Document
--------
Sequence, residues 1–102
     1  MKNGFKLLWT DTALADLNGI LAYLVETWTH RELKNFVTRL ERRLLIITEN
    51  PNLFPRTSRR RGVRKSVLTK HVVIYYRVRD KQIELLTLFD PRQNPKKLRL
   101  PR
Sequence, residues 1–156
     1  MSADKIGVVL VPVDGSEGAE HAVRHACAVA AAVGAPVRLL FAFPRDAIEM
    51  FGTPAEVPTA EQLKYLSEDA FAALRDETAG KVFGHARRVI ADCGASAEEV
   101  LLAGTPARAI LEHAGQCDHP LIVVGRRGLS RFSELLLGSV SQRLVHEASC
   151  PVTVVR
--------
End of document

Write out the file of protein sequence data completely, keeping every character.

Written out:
Sequence, residues 1–102
     1  MKNGFKLLWT DTALADLNGI LAYLVETWTH RELKNFVTRL ERRLLIITEN
    51  PNLFPRTSRR RGVRKSVLTK HVVIYYRVRD KQIELLTLFD PRQNPKKLRL
   101  PR
Sequence, residues 1–156
     1  MSADKIGVVL VPVDGSEGAE HAVRHACAVA AAVGAPVRLL FAFPRDAIEM
    51  FGTPAEVPTA EQLKYLSEDA FAALRDETAG KVFGHARRVI ADCGASAEEV
   101  LLAGTPARAI LEHAGQCDHP LIVVGRRGLS RFSELLLGSV SQRLVHEASC
   151  PVTVVR